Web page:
India’s manufacturing activity in July expanded at the quickest pace in eight months on the back of new business orders and output, said a survey by S&P Global on Thursday.
S&P Global India Manufacturing Purchasing Managers’ Index (PMI) jumped to 56.4 in July from 53.9 in June. A reading above 50 indicates expansion while a print below that denotes contraction.
The growth was a result of strong demand and pick-up in sales, the survey said. “Output expanded at the fastest pace since last November, a trend that was matched by the more forward-looking indicator new orders,” said Pollyanna De Lima, economics associate director at S&P Global Market Intelligence.
New orders rose in July, recovering from the growth momentum lost in June, the survey said. International markets contributed to the upturn in total order books, as new export orders rose at a moderate pace, it said.
Goods’ producers registered a softer increase in their expenses during July, the survey said. Even as the cost for raw materials continued to rise, the rate of inflation slipped to an 11-month low, the survey said. Similar to input costs, the rate of increase in output prices in July was the slowest in four months, it said.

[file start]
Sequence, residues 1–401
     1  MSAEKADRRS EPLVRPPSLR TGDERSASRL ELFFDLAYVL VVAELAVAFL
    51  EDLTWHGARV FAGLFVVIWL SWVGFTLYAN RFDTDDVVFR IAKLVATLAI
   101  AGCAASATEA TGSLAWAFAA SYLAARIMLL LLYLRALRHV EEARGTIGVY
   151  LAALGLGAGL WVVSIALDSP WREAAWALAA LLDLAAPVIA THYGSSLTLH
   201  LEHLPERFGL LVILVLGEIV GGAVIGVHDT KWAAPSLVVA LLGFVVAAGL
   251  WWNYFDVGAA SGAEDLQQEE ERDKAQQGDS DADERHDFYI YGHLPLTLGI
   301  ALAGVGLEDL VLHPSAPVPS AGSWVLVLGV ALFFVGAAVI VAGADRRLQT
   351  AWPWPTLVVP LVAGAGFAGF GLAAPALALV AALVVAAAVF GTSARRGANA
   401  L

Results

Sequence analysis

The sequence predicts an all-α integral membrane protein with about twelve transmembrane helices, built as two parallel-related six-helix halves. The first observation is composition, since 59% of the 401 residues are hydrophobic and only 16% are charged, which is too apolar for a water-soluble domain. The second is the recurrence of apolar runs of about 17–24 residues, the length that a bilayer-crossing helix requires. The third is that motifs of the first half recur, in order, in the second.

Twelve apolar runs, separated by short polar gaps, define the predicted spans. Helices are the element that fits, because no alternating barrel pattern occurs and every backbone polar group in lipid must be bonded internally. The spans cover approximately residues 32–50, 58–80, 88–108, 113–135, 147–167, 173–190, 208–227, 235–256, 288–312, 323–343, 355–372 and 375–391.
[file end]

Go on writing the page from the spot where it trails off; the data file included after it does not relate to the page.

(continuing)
“Purchasing activity growth ticked higher in July and firms were successful in their efforts to obtain inputs amid a second consecutive improvement in supplier performance.
This in turn supported a near-record increase in inventories of raw materials and semi-finished goods as well as a softer upturn in input costs,” said De Lima.
Meanwhile, India’s retail inflation in June had marginally eased to 7.01%, but stayed well above the Reserve Bank of India’s tolerance limit for the sixth consecutive month. To contain inflation, the RBI has already hiked its key interest rate by a cumulative 90 basis points since early May, and is expected to raise it again later this week.
The survey also pointed that companies stepped up input purchasing and reported solid manufacturing activity, however job creation remained subdued. The increase in employment was marginal and broadly similar to that seen in the five-month sequence of growth. About 98 per cent of firms kept workforce numbers unchanged amid a lack of pressure on operating capacity, the survey said.
Future uncertainty constrained hiring activity as overall business sentiment remained muted. About 96 per cent of manufacturers forecast no change in output from present levels over the course of the coming 12 months, the survey said.